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Ángel Elices

Peña de la Cruz

Carl von Einem

Global Atmosphere Watch at the Meteorological Observatory Hohenpeissenberg

Hohenpeißenberg, Bavaria, Germany

March 23, 2007 - 13:50 UTC (14:50 local time)

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© 2007 Carl von Einem, All Rights Reserved.

Caption

In all the recent discussion about global warmth where politicians and media tell us about "new facts" one interesting point is mostly missing: a world wide network of meteorological stations is monitoring essential atmospheric parameters since 1989 combining different projects that go back as far as the 1950s.
We all know that scientists around the world are trying to interpret the trends and consequences of man made air pollution. Ozone, acid rain, CFC, greenhouse gases and CO2 are a few of the topics that we all know for years.

The usefulness of the forecasts and the development of better technologies that help to reduce our impact on the atmosphere depends on the quality of the long term monitoring of chemicals and other particles in the air.

One of those stations that help to collect the data is shown in my panorama. This place looks brand new but is actually the oldest mountain based meteorological station in the world. The continuous meteorological observation started 226 years ago in the nearby cloister.
All of the high tech gear around like the weather radar on top of the tower is mostly used for research and only rarely adds to day by day weather forecasts of Germany's meteorological organisation DWD who runs this institute.

Part of today's mission is long term surveillance of the atmosphere. As one of about 20 stations this is part of GAW - Global Atmosphere Watch, a global network run by UN's agency World Meteorological Organization. My visit coincided by chance with the WMD - in this case an acronym for World Meteorological Day, definitely no reason for invasion.

This nicely situated terrace is on the rooftop of the station's laboratory - an important chain in the network. A sign at the door asks visitors not to smoke at the outside for the detectors spread all over the terrace might be irritated by that kind of local air pollution.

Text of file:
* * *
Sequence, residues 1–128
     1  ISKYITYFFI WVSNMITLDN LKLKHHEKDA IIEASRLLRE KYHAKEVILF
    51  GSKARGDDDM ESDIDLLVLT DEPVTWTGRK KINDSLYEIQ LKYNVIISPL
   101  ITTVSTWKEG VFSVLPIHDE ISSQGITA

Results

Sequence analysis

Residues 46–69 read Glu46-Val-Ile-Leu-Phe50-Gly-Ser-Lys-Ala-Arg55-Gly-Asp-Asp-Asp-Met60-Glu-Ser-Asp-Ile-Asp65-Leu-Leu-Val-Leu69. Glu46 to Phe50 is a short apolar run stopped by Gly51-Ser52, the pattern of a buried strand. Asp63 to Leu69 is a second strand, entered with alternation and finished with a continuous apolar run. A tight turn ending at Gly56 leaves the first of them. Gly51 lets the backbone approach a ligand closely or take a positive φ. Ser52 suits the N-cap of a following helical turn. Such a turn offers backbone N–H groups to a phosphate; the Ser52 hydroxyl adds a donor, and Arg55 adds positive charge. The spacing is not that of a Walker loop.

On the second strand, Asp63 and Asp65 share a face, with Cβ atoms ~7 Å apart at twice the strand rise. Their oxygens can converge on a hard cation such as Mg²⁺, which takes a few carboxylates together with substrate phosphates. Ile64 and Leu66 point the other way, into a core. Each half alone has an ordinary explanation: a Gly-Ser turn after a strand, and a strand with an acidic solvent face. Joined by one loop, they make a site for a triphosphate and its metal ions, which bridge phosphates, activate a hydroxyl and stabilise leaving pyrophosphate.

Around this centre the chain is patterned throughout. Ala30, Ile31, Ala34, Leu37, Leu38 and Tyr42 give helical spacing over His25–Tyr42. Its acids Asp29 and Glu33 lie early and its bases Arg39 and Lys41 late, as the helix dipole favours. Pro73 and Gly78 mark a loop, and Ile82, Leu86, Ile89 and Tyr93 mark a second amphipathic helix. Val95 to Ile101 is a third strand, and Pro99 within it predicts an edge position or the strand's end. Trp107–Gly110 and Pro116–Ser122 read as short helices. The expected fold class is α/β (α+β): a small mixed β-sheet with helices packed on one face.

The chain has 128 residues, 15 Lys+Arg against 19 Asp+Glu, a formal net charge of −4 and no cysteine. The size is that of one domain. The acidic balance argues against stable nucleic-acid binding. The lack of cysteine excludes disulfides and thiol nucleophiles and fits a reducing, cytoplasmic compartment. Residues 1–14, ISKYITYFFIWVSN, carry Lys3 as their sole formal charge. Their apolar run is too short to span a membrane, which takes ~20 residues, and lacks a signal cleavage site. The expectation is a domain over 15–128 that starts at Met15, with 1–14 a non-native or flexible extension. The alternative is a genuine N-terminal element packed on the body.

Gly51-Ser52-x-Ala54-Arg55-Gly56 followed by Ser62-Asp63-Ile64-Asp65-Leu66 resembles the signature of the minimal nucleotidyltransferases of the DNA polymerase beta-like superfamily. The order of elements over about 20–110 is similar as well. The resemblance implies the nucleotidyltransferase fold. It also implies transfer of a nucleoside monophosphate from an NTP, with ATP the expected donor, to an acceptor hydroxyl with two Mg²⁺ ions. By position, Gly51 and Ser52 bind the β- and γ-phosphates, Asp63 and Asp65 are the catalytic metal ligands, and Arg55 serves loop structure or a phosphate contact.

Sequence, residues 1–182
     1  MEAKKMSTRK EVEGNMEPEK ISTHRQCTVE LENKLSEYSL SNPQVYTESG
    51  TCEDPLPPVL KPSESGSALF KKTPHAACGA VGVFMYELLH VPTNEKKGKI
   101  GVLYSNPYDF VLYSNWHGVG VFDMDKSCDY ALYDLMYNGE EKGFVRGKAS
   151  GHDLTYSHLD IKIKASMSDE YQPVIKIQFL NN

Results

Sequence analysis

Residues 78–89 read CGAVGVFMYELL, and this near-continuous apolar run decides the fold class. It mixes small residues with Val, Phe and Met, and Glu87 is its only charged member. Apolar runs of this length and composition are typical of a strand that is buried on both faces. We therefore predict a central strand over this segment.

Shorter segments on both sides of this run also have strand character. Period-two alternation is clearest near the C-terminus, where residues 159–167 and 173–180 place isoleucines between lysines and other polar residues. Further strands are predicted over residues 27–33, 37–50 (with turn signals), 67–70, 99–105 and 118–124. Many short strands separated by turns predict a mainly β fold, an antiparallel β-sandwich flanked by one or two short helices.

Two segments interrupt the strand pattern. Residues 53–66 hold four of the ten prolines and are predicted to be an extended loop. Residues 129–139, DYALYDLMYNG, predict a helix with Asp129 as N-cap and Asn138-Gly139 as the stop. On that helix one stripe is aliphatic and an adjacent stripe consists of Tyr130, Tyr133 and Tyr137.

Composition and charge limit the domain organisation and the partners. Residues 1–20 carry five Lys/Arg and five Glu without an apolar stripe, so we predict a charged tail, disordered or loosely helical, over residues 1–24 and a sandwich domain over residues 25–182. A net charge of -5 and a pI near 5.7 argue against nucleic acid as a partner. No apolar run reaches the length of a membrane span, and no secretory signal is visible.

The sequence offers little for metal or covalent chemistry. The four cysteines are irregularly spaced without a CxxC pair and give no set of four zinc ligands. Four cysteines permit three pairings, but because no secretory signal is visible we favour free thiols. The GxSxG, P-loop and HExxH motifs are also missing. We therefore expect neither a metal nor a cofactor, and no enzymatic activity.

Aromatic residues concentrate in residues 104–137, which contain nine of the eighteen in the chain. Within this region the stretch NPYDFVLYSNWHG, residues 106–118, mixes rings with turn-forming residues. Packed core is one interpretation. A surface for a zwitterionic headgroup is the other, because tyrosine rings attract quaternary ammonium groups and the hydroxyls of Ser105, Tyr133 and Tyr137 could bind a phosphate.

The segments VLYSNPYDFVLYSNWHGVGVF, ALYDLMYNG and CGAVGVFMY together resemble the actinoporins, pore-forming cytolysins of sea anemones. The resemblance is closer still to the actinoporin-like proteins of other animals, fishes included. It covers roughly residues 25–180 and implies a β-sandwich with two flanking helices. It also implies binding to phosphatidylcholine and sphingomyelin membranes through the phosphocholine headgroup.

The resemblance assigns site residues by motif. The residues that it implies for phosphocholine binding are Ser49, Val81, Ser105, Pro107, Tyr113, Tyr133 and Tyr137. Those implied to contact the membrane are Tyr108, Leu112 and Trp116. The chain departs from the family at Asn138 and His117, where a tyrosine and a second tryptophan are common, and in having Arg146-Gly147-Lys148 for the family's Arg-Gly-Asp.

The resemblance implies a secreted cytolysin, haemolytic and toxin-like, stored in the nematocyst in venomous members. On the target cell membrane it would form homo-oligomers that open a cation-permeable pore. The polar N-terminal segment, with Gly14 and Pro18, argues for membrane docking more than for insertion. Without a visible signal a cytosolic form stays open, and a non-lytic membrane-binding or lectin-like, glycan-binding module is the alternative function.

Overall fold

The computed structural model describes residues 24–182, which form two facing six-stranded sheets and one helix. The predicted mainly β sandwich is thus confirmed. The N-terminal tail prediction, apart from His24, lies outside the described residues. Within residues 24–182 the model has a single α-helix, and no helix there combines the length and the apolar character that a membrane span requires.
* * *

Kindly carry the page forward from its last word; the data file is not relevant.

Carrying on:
The atmospheric chemistry labs are located directly on the floor below. That allows for short distances between the outside air and the detectors of several highly specialized devices automatically analysing different gases and particles around the clock. For additional panoramas please follow the link at the bottom of this page.

A different laboratory looks just like a server room since it also contains data acquisition systems to save all the information coming in from detectors and analyzing devices. All information is directly made available for the global network. Needless to say that I have never seen another "server room" like this with such a nice view!

I want to thank the director of the GAW station Hoher Peißenberg Dr. Wolfgang Fricke and his team for the friendly permission to take my photos and also for showing me around and explaining everything.

Additional Caption: Caption in German ▼



  • Additional panoramas of the institute's laboratories on Carl von Einem's website

Location

Europe / Germany

Lat: 47° 48' 5.2" N
Long: 11° 0' 32.9" E

Elevation: 990 m

→ maps.google.com [EXT]

Precision is: High. Pinpoints the exact spot.

OpenStreetMap: © OpenStreetMap contributors

Equipment

  • Voigtländer Bessa-L with Ultra-Heliar 12 mm wide angle lens, Novoflex head, tripod, Fuji Reala 35 mm negative film
  • Full 16 bit workflow: Nikon LS-4000, PTMac, Photoshop
  • CubicConverter, VRPrep

Caption in German

Das Meteorologische Observatorium Hohenpeißenberg feierte 2006 sein 225-jähriges Jubiläum. Seit dieser Zeit werden an diesem Standort kontinuierlich Wetter- und Klimadaten mit wissenschaftlicher Methodik aufgezeichnet. Es ist damit die älteste Bergwetterstation der Erde mit ununterbrochener Wetteraufzeichnung. Was in einer Klosterstube begann wird heute in modernen Räumlichkeiten des Deutschen Wetterdienstes fortgesetzt.

Dabei findet ein wissenschaftlicher Austausch mit entsprechenden Einrichtungen auf der ganzen Welt statt, selbst die NASA hat hier bereits eigene Meßgeräte aufgestellt.

Das Wetterradar auf dem Turm dient vor allem Forschungszwecken, liefert also nur gelegentlich Daten für den Vorhersagedienst. Damit können Wolkenformationen angepeilt und die darin enthaltene Wassermenge bestimmt werden. Die Verfolgung von Gewitterwolken lässt beispielsweise Rückschlüsse auf einen Sturmverlauf zu.

Zur Zeit werden hier bewegungslose Windmeßgeräte entwickelt und erprobt, solche Instrumente können unter widrigsten Bedingungen wie z.B auf einem Polar-Forschungsschiff Daten liefern, während herkömmliche Apparate einfrieren würden.

Als Globalstation ist dieser Standort zusammen mit der Wetterwarte auf Deutschlands höchstem Berg Zugspitze eingebunden in ein Programm der WMO, einer UN-Organisation, zur Langzeiterfassung und Auswertung von Atmosphären-Daten, die Rückschlüsse auf Veränderungen der Atmosphäre geben können.
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